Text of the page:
You’ve worked hard on your business, and don’t want all that hard work destroyed by scammers aimed at draining your company of profits and cash flow.
Identity theft continues to lead the Internal Revenue Service’s annual Dirty Dozen list of scams perpetrated on individuals and businesses.
The IRS issued its yearly list  this week as tax preparation season reaches its peak, a time when scammers are more likely to defraud people of their money.
IRS Acting Commissioner Steven T. Miller said in a statement accompanying the release of the list:
This tax season, the IRS has stepped up its efforts to protect taxpayers from a wide range of schemes, including moving aggressively to combat identity theft and refund fraud. The Dirty Dozen list shows that scams come in many forms during filing season. Don’t let a scam artist steal from you or talk you into doing something you will regret later.
Despite heightened efforts in recent years to counter identity theft, this particular scam continues to claim new victims every year. At tax time, the IRS notes that people who fraudulently obtain another person’s Social Security number and other personal and financial information could file a tax return for that person and claim their refund.
The IRS notes in its reports on the Dirty Dozen list that is has take steps to prevent identity theft and detect refund fraud before it occurs, with enhanced systems.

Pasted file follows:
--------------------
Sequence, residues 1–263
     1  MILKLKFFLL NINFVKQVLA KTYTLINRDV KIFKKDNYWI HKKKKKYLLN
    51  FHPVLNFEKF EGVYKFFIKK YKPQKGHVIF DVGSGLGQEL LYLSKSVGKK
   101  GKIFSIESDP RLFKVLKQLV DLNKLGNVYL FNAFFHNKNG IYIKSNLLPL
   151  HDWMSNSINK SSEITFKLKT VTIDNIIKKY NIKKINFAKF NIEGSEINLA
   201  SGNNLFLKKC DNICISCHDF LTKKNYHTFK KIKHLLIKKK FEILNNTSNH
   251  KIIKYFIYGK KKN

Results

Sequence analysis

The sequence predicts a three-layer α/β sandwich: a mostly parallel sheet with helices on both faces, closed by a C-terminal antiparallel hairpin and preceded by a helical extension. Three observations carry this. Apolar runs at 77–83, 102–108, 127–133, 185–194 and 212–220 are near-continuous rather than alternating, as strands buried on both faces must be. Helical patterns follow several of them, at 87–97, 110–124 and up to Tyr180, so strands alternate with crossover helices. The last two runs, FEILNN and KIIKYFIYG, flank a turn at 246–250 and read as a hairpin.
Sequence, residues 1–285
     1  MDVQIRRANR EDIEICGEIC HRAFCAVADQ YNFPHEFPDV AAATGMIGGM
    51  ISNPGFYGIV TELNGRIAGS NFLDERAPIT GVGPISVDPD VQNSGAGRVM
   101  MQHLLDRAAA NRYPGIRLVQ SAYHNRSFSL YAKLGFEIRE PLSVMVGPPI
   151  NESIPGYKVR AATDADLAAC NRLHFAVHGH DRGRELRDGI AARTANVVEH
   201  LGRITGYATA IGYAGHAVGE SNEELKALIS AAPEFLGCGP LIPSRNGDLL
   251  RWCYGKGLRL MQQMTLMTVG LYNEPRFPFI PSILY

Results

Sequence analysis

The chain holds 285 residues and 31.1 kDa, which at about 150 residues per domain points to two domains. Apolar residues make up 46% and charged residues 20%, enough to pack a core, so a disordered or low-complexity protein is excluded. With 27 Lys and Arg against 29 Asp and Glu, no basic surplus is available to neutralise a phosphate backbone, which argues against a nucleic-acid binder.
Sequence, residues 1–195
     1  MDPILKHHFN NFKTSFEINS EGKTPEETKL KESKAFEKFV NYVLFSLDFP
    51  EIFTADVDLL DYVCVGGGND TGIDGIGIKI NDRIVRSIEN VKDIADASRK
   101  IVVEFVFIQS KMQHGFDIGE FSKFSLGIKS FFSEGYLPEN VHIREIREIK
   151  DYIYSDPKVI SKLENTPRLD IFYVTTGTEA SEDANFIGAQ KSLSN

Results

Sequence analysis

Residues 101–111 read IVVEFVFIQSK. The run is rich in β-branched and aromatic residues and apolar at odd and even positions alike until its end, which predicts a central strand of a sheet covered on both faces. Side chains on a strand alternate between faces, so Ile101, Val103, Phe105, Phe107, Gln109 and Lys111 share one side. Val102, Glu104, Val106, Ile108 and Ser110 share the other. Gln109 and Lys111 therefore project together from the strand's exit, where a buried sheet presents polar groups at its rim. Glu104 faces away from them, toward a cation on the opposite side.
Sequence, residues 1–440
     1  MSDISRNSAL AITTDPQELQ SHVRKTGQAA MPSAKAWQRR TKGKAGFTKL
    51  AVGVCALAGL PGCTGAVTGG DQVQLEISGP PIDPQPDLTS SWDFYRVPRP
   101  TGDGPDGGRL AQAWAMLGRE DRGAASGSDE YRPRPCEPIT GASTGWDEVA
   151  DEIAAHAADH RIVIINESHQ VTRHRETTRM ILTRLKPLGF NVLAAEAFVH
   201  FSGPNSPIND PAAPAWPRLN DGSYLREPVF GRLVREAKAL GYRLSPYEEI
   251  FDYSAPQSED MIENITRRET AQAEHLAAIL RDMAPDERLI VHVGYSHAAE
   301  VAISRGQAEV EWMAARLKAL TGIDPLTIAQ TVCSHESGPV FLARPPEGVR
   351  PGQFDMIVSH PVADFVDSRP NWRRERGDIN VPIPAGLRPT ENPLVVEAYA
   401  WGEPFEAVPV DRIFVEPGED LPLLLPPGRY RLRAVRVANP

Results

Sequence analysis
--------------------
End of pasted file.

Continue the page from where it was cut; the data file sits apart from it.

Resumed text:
Among the other most popular tax scams making the IRS list involving identity theft were phishing and return preparer fraud.
Phishing nabs sensitive personal and financial information through emails and bogus websites that pose as reputable sites from financial institutions. If an unsuspecting person enters information on this site, they’re greatly increasing the chances their identity will be stolen.
The federal tax agency also warned against fraudulent tax return services. While the IRS believes most tax preparers to be honest, reports of identity theft accusations, and other cases in which taxpayers were bilked out of their returns by preparers exist. The IRS adds a reminder that taxpayers should only use preparers “who sign the returns they prepare and enter their IRS Preparer Tax Identification Numbers (PTINs).”
Many other items on the Dirty Dozen list from the IRS impact small business owners directly. Hiding income offshore, falsifying and inflating income and expenses, filing false Form 1099 Refund Claims, claiming zero wages and disguising corporate ownership are the most commonly perpetrated scams at tax time.
The IRS notes on disguising the ownership of a company to avoid paying taxes:
These entities can be used to underreport income, claim fictitious deductions, avoid filing tax returns, participate in listed transactions and facilitate money laundering and financial crimes. The IRS is working with state authorities to identify these entities and bring the owners into compliance with the law.